Well Master Data Management (MDM) in the "Real World"
Travis Osborne, Vice President - Solution Development
Friday, November 18, 2011
Managing well data is a lifelong pursuit for most Oil & Gas enterprises. From the slower-than-desired transition to a digital world, to the amalgam of disparate systems that run various aspects of the business life cycle, to the constant updates created by business activities – defining and maintaining a reliable set of descriptive information about each well is a game of shadows that has consumed many a company.
There are really only three major obstacles to achieving this goal: people, process and technology. The definition of a well and the upkeep of that information involve nearly every business department. The pace at which this information is defined and communicated differs by group, as does the level of importance placed by each functional area on data being complete and correct. The steps by which the organization defines a well may not be well understood, or even defined for governance. Enter the variety of databases and platforms that play a part in managing the component parts in their own unique way, and it is clear that the number of variables may be enough to either defer or completely torpedo earnest efforts to improve well header information.
Regardless of whether the process is just starting, a simple structure may work best in beginning the process of moving toward a more complete, more confident organization in terms of understanding its well portfolio.
Conduct a Data Genealogy Assessment – A decomposition of the well header, reviewing where the information typically originates, the means by which it is updated, and the degree to which they are maintained requires a baseline. What is the current state and what are the most gaping holes in the well header?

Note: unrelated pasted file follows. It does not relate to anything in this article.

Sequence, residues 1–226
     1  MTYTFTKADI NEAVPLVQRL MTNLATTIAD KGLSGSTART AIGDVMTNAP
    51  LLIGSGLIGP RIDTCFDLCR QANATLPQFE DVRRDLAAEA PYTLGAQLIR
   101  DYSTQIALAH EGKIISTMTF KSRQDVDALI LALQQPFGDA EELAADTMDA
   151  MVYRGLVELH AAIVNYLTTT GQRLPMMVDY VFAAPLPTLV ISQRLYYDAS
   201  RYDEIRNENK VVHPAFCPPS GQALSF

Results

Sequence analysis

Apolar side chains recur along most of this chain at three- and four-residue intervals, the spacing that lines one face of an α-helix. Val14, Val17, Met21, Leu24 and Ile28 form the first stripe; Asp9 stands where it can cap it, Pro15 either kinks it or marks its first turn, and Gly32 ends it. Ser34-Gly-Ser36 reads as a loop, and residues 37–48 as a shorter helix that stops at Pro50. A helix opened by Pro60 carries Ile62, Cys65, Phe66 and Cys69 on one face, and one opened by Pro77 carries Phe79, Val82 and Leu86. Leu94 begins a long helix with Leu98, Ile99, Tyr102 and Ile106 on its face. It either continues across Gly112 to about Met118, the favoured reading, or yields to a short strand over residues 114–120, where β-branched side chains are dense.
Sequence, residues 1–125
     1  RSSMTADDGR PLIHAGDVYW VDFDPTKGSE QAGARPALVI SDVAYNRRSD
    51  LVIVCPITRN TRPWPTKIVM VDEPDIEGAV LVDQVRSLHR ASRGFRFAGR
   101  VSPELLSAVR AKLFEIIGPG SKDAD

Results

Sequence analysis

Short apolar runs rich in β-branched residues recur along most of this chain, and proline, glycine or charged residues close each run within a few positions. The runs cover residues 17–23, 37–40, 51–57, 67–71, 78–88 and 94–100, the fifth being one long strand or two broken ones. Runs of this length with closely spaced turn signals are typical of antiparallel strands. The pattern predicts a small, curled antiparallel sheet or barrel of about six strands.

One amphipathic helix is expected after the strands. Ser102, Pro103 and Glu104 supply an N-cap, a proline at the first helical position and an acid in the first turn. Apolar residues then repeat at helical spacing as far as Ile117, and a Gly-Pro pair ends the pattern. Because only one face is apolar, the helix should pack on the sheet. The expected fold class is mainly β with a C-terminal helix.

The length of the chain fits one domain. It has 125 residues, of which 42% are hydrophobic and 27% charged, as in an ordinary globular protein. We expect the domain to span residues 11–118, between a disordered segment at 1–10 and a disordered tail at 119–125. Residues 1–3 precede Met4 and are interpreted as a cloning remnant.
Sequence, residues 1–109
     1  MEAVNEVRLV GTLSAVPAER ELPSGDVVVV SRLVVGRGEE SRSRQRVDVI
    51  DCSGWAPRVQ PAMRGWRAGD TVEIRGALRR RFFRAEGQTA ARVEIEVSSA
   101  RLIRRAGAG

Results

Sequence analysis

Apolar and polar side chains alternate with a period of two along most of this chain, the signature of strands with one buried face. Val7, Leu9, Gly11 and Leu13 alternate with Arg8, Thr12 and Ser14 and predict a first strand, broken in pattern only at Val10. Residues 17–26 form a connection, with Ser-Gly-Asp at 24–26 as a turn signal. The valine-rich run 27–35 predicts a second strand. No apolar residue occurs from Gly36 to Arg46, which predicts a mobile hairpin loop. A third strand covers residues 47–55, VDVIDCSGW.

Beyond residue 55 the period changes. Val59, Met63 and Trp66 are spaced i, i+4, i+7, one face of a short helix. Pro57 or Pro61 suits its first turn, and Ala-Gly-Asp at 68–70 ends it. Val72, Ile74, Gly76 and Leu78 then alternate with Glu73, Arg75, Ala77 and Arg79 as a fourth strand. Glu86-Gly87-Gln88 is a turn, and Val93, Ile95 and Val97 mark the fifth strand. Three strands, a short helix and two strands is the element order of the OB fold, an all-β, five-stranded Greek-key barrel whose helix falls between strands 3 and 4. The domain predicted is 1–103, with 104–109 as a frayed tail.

Establish a “Fix Facility” – Systematically, data can be moved in to place to fix the gaps. However, most true improvement of well header data is inspired by practitioners who know the wells better than anyone else. These experts know the values that should be present in these data sources, and they need a process by which these corrections can be made in an orderly fashion.
Define Monitoring and Management Responsibilities – Compelling stewardship for data elements is difficult, but that service can be “inspired” by holding groups responsible for the data quality of attributes created and managed by their department. In addition, the adage “you can’t manage what you can’t measure” applies with well header data. Scoring, reporting, and publicizing the state of parts of the well header can call into action those who may be otherwise “uninspired” to improve.
Now, Think Technology – Many software packages and platforms tout the ability to manage master data – well-centric or otherwise. This is an element of a program, but can be a very expensive stack of DVD media if the business process and discipline to manage well data is lacking. Practical investment in notifying people and systems of data events, tracking changes, transmission of data values and providing a centralized view (if not a centralized database) can play a big part in the movement toward better well header information. However, it should be viewed as a supporting actor rather than the star attraction to well master data management.
There is no way to spin this as an “easy” transformation for any company. The organization at the highest levels must recognize both the cost and return of better well information to the enterprise – e.g., risks avoided, payments made more promptly, field development projects managed more effectively, and so on. In addition, the breadth of the data management problem must be subdivided into stewardship across the various departments. It takes significant time on a day-to-day basis, and it takes discipline to stay with the cause. Small improvements can evolve into longer-term stability for well data, but it will not be without its hurdles.
If you happen to be attending the P2 ASCEND 2011 Conference in lovely San Antonio beginning November 28th, please drop in to our Stonebridge booth to share your thoughts on the topic. In addition, make a note to attend our breakout presentation session on ”Well MDM in the ‘Real World’” on November 29th at 2PM.